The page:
Wednesday, August 26, 2009

No place, no glory, no clue

The scenes from the West Ham v. Millwall Carling Cup match last night, with yobs running rampart, squaring off against riot police, confronting other so-called supporters (their peers, mind) with arms raised like some kind of jungle animal threat, stabbing and lord know what else are sad. It also makes me wonder ...

It makes me wonder if I'll continue to hear songs about burning Scousers and other assorted opposing teams from people who share in the same lucky community of a football pub where everyone is there for the same reason. It makes me wonder if I'll continue to see arms raised in direct and confrontational threat, like planting a flag in someone's face. It makes me wonder if I'll be told to "eff off" on a routine basis, or see divisive lines being drawn instead of a recognition of respect. It's got no place in the game and it's got no place in a community where people are all there for the same thing. Sure, it's tribal as all hell. But stripe the false machismo and respect those who celebrate it with you. There's fun, celebration, singing, community and yeah, there are tribes and pockets. But there's also a mighty big difference between that and this ...


Brew City 'Til I Die said...

Note: This comment is NOT meant to excuse soccer violence or any generally uncouth behaviour, and it is not meant to call out any individual. I just want to get my viewpoint out there because I know a little bit about this stuff.

Soccer hooliganism is a multi-faceted, controversial sociological phenomenon. In the English context I think that everyone will agree (even those that love, and want to bring back certain aspects of, terrace culture) that when violence spills over onto those not looking for it, it is over the line. I think that is what you are trying to get at.

The Millwall/West Ham scuffle of last week crossed the line in everyone's mind when the Millwall fans started tossing rocks and bricks at West Ham supporters not interested in any trouble.

The deleniation between soccer fan and hooligan/terrace culture enthusiast seems to me to be a little murkier in the US than it is in Europe (although this seems to be less true in cities with MLS teams, where obviously football culture is stronger). In Europe there are lots of subtle cues (most that go under the radar of the authorities, out of necessity) which show whether you embrace terrace culture or not...the kind of shoes you wear (often changing from season to season), the music you like, small things regarding apparel obvious only to insiders. I never have problems figuring out who is who in Europe, while I often do in the US.

Arsenal supporters have the added problem that in recent years non-hooligans have started to use the term Gooner pretty freely. It used to be that Gooner was a loaded term, like ICF, and for some people it still is. It is somewhat akin to yelling "c'mon, I'm up for it!" If I walked into a room full of Millwall supporters and started yelling "ICF", or singing "Oh, ah, up the 'Ra" in a room full of Democrat Unionists I would expect to have lots of people right up in my face as a result of my inflammatory words. Similarly, in most contexts I talk about my parents as my "folks"...but if I am around suspected gang members of the peoples nation I go way out of my way to make sure I never, ever utter the phrase "my folks".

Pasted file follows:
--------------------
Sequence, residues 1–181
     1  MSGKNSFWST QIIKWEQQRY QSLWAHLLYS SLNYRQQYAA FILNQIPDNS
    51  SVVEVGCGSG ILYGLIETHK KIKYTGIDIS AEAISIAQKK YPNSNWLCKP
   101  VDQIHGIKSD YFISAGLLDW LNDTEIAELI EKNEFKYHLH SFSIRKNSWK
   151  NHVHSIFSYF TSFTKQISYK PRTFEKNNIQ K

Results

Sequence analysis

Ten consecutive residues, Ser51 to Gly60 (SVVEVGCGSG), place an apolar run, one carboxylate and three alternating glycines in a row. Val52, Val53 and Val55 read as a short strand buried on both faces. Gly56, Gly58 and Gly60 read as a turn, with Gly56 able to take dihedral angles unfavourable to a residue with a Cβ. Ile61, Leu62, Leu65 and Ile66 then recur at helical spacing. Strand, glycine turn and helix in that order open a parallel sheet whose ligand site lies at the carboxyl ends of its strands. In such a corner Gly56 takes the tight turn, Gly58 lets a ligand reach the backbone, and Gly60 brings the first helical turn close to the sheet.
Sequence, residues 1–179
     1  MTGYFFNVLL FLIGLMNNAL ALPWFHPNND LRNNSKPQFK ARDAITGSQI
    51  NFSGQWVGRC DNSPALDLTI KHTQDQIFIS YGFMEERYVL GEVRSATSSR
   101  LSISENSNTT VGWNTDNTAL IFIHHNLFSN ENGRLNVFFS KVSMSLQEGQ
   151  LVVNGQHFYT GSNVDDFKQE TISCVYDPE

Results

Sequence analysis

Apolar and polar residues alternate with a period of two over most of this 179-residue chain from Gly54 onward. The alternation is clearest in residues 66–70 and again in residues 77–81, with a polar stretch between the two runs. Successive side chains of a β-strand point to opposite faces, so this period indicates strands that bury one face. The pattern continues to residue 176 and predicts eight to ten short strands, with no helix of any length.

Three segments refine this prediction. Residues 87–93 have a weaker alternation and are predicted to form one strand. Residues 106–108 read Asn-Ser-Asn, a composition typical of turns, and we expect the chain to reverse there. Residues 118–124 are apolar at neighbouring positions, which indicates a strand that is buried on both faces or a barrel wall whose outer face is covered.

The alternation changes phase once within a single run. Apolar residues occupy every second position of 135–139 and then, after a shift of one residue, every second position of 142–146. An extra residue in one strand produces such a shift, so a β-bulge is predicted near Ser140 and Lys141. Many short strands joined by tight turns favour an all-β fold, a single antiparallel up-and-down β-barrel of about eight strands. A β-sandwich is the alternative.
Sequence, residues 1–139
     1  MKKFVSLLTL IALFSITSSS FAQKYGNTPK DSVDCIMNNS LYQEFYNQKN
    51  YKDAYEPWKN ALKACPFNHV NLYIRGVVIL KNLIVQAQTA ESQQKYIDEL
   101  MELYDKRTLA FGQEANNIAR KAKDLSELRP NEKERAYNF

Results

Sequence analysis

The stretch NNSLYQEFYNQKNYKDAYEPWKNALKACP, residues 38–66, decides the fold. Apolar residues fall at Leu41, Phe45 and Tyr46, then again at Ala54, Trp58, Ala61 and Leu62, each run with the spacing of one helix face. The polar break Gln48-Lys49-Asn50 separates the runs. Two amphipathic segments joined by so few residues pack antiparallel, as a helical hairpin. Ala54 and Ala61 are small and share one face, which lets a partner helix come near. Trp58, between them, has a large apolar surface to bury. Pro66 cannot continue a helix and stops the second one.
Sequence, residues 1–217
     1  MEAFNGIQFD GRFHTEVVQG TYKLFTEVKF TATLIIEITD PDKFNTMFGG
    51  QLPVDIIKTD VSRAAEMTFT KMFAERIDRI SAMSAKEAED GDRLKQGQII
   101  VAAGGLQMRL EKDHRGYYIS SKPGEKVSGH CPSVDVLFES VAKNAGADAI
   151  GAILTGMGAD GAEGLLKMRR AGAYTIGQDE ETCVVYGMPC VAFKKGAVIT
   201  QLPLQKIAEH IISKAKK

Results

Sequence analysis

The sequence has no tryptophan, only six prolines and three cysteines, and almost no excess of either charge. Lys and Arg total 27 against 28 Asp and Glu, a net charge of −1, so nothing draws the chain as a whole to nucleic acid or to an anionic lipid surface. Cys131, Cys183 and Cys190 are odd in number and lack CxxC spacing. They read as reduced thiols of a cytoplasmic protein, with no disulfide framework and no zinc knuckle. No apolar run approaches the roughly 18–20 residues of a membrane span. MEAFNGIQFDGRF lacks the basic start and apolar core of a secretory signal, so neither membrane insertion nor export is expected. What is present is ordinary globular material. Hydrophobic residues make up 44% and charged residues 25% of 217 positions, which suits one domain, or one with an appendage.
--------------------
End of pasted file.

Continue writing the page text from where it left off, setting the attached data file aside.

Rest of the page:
I think Arsenal fans suffer from the commercialization of the term Gooner, and from the fact that there is so much disagreement of where the term came from...if you believe (as I do) that the term comes from the old top boy The Goon, and his clock end firm in the 70s-80s, then it shouldn't be a surprise that you get reactions if you use the term in songs, has a violent/aggressive history. Every time I hear the term "Gooner" used I know that I, as a long-time West Ham supporter, get a little knot in my stomach and my blood pressure goes up a little.

How Arsenal fans should choose to deal with this terminological confusion is not something I am prepared to give advice on. Possibilities include: they could get back in the face of aggressors, they could calmly have a discussion on the merits of their own particular view of the linguistic history of the term "Gooner", or those who aren't up for aggro could stop using the term.

As an added sociological observation of Milwaukee (our fair city) in the last few years, it seems that when people get into soccer newly they are really likely (note: broad generalizations follow...your mileage my vary) to follow Man U or Arsenal (followed by Liverpool and Chelsea). Furthermore, it seems that college types are more likely to go Arsenal (and Chelsea), and non-college types are more likely to go Man U (and Liverpool). I think there are, consequently, some socio-economic forces at work when the two teams' supporters meet.

keano in disguise said...

Well put. A few years back when I first started going to the pub it was without a doubt an Arsenal bar. The Arsenal boys never had a problem chastising those of us who showed up to support our teams. I never minded because I always felt it was good natured ribbing and its part of the sport. They had the numbers and the songs. Now that things are different and the numbers are more or less equal the arsenal boys suddenly have a problem with the way the United fans act. Lets not forget it wasnt too long ago when you boys were much the same way. In America we're afforded the luxury of watching matches with one another and then sharing a pint and discussing football. Yes we tend to get aggro during the matches because we're passionate about our team just as you boys were and are. Bottom line...You cant have it both ways.